The members of the band Bend Sinister took their name from a book by Vladimir Nabakov about a nation where the government’s one requirement is that everyone is ordinary and no one can be spectacular. It’s an odd source of inspiration, especially for a band that is anything but ordinary who just released a new album that is pretty darn spectacular.
The new album, Small Fame, is full of energy and exuberance. Formed in British Columbia in 2001, Bend Sinister bears more resemblance to British indie-rockers than anything else. Frontman Dan Moxon’s theatrical vocals have a twang to them, sometimes similar to that of Luke Pritchard of the Kooks or Matthew Murphy of the Wombats. The rest of the band sounds relatively similar to these Brit poppers, too, with lots of pianos and cheery drums.
She Don’t Give Up, the opening track on Small Fame, is driven by a soulful piano rhythm and Moxon’s jolly and fun words.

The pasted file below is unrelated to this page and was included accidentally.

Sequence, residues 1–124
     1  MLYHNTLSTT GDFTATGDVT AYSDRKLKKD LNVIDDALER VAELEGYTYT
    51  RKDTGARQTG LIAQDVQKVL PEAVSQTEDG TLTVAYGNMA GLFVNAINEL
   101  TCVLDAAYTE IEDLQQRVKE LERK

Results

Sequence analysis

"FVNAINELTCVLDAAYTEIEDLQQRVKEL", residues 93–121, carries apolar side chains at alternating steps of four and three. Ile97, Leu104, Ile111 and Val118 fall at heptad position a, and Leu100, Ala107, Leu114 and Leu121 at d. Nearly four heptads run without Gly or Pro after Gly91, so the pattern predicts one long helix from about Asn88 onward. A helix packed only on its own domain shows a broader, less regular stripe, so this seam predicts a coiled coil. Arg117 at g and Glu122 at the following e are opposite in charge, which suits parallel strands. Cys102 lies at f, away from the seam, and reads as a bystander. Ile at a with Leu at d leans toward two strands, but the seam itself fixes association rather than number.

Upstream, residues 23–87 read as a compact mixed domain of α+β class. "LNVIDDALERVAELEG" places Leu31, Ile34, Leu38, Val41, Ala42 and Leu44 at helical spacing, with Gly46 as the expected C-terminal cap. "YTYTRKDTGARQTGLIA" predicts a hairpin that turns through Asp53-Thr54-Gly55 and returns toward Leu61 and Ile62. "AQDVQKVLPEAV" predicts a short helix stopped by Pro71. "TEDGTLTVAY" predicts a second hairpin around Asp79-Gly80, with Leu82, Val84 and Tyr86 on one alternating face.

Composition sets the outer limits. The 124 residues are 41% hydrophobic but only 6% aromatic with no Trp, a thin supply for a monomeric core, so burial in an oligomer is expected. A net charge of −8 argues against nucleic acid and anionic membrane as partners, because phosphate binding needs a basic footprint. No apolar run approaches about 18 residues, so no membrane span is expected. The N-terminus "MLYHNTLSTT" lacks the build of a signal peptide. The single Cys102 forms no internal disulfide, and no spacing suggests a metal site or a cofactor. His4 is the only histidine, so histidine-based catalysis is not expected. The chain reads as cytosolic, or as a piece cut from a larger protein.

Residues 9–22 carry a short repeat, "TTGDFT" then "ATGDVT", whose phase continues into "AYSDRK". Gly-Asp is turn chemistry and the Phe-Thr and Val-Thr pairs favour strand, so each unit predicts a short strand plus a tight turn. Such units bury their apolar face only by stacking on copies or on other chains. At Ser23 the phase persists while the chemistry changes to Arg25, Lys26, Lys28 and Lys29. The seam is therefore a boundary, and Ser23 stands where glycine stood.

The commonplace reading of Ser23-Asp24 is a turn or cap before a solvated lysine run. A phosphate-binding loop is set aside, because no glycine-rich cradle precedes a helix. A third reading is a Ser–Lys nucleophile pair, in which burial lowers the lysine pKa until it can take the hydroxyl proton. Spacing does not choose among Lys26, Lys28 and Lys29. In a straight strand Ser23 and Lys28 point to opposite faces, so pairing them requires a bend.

Track four, One Shot, more or less the entire album in a microcosm. It’s chock full of the electric guitar and keys that make this album what it is. Moxon plays with his voice, breaking out into a falsetto at points. It is a bit slower and not as danceable as some of Small Fame’s other tracks, but a star nonetheless.
Near the end of Small Fame is Black Magic Woman, a 70’s inspired glam band-esque jam about a woman that is making a fool out of all of us. It’s a theatrical and glitzy song that features a screeching organ solo midway through as Moxon laughs and howls. I must admit, it’s kind of weird, but also kind of genius.
The rest of Small Fame falls somewhere between the glam of Black Magic Woman and the poppy sound of She Don’t Give Up. There are a few low-lights, like the funky yet overly-repetitive My Girl, but some parts are even so good that the creativity-hating government in Nabokov’s government might have to allow it.
Tags: Bend Sinister, Bend Sinister - Small Fame album review, British Columbia, Small Fame, The Kooks, The Wombats